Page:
Archive for August 2005
At Slate, Josh Levin has an article up, “Mourning My New Orleans”, memorializing his home city. A sample:
I don’t remember much of what I did when I went down to visit my folks a few months ago: ate some fried seafood at some hole in the wall, went to my grandparents’ house, probably walked under the canopy of oak trees in Audubon Park. Maybe it’s a heartless thing to say when there are still people down there in the muck, but it’s tragic to think of all those beautiful trees, in the park and on the Uptown streets that I drove through every day, toppled and on the ground, waiting to be chopped into bits and trucked away. There are friends’ houses that will no doubt be so much flotsam, neighborhood restaurants that won’t serve another oyster po’ boy, bars where the jukebox won’t ever play Allen Toussaint or Ernie K-Doe again.
A soc.history.what-if discussion thread back in March regarding the possibility of a Red Germany and its the knock-on effects on the rest of Europe, especially France, spawned an interesting side-discussion at a CFTAG meeting in Toronto last July regarding the possibilities of a successful French Union or Community. I’ll quote from Paul’s analysis.
In France, the nation tries to recover psychologically from the Nazi occupation. In the real world, they develop and implement the ideology of a United Europe. Here this never happens as France’s potential partners are reduced to the much-smaller Belgium and The Netherlands, and the economically backwards Portugal, Spain, and the Federal Republic of Italy (“South Italy”).
Instead they continue the emphasis that the Free French placed on France’s major colonies in the Brazzaville Declaration. Merely having the Russians on the Rhine is not enough to push that idea over the top; I’ll throw in an unnamed young philosophe who has survived to 1945 here despite dying while under Nazi rule in the real world. Whoever he may be, he articulates the idea of France’s new place in the world to be radically democratic and “civilizing” throughout its empire. The ideology catches fire and is widely accepted by 1948.
The details can vary–we can get a united Italy facing a hegemonic Soviet Union at the now-Yugoslav city of Trst and along the Tyrolian frontier, or as per Rich Rostrom’s timeline of March all of southern Europe from Italy through to Bulgaria can remain neutral–but the gist of Paul’s timeline is that, without a democratic Germany, there can be no pan-European architecture comparable to the then-European Communities. Instead, for an outlet for its transnational energies and as a way to retain its great-power status, France turns to the idea of an integrated French Union.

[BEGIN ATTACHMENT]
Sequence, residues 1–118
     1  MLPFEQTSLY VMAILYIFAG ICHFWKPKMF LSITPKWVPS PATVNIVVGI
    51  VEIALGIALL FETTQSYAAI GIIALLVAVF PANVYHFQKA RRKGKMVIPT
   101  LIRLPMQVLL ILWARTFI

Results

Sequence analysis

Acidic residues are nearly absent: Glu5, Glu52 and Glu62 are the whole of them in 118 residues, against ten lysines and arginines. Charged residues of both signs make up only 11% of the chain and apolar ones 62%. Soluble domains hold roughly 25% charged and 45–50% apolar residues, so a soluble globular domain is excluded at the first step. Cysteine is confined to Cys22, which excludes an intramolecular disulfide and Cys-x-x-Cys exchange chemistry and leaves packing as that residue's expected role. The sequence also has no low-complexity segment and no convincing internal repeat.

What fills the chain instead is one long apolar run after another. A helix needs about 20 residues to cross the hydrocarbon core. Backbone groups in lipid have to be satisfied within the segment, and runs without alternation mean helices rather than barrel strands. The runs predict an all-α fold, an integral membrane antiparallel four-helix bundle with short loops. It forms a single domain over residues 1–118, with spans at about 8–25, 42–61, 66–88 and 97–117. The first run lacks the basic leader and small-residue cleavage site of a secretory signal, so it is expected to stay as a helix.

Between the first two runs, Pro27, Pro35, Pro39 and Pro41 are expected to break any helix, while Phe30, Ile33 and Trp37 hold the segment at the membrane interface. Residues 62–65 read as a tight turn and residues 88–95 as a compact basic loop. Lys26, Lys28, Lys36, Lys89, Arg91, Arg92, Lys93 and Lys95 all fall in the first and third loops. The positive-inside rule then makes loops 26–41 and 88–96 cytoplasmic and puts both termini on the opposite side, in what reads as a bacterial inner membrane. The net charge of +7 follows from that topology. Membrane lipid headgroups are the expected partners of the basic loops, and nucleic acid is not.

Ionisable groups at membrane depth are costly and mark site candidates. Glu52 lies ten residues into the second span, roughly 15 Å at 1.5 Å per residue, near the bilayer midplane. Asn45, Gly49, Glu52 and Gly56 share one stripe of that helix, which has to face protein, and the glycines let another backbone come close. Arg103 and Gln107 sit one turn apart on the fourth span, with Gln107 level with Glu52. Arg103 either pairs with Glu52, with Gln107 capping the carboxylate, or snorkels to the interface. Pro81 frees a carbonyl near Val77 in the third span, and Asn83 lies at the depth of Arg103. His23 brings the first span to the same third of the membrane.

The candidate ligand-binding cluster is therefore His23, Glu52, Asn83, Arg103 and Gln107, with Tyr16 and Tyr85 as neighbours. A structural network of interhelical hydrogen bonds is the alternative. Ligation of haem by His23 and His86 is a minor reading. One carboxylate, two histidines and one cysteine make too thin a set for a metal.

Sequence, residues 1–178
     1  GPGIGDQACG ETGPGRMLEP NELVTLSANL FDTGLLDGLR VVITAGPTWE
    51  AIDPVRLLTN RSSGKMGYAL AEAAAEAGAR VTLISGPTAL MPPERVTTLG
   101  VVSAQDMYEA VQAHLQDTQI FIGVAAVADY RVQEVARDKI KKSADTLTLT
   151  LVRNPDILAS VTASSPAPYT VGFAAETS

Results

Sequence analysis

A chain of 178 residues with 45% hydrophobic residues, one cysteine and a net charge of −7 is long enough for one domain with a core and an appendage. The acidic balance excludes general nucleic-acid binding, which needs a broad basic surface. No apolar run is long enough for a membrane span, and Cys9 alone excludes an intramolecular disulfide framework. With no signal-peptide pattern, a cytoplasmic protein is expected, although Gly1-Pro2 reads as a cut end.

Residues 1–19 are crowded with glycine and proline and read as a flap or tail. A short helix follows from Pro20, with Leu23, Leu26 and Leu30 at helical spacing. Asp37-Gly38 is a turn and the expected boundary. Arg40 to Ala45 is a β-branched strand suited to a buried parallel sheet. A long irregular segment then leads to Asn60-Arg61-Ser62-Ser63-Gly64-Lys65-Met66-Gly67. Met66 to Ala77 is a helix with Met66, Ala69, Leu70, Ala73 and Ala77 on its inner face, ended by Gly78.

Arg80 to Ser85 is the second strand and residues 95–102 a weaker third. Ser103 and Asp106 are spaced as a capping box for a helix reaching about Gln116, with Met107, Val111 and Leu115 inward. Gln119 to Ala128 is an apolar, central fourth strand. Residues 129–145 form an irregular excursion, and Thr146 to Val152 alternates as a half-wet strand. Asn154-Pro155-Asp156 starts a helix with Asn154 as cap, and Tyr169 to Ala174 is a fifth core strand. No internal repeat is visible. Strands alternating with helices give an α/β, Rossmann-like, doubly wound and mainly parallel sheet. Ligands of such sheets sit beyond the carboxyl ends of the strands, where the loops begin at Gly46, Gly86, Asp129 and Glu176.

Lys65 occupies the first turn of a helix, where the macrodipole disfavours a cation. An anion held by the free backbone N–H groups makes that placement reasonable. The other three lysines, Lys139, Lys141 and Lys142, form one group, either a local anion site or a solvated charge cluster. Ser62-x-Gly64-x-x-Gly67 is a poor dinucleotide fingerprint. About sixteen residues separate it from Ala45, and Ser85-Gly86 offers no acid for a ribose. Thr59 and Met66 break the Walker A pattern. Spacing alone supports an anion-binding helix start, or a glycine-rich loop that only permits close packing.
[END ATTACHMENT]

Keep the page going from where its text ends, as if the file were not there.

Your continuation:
I see two problems with pauldrye‘s uchronia.
1. Paul lets the entire Maghreb break away from the Community. I agree with him about Morocco and Tunisia, given the unique circumstances of their acquistiion and administration. This French Union will have to begin with the Algerian departments, though, simply because Algeria was the only part of the French Empire (excluding insular and quasi-insular territories) that was directly integrated into France. A greater France is going to rise or fall because of Algerian precedents. This means that, somehow, the Muslims of Algeria have to be integrated into the French political body, made full citizens and the like. Is this possible?
2. The French Union is going to need, desperately, a viable development model. Based on what we know now about economic development, the poorer territories of the French Union will require an environment with a secure and just legal system, a functional political regime, and a broad-based strategy for promoting human development (basic literacy, health care, et cetera). The Union’s African and other territories will presumably enjoy the rule of law and functional political systems. I worry, though, that the French colonial tendency on promoting the formation of colonized elites might backfire. Is this possible?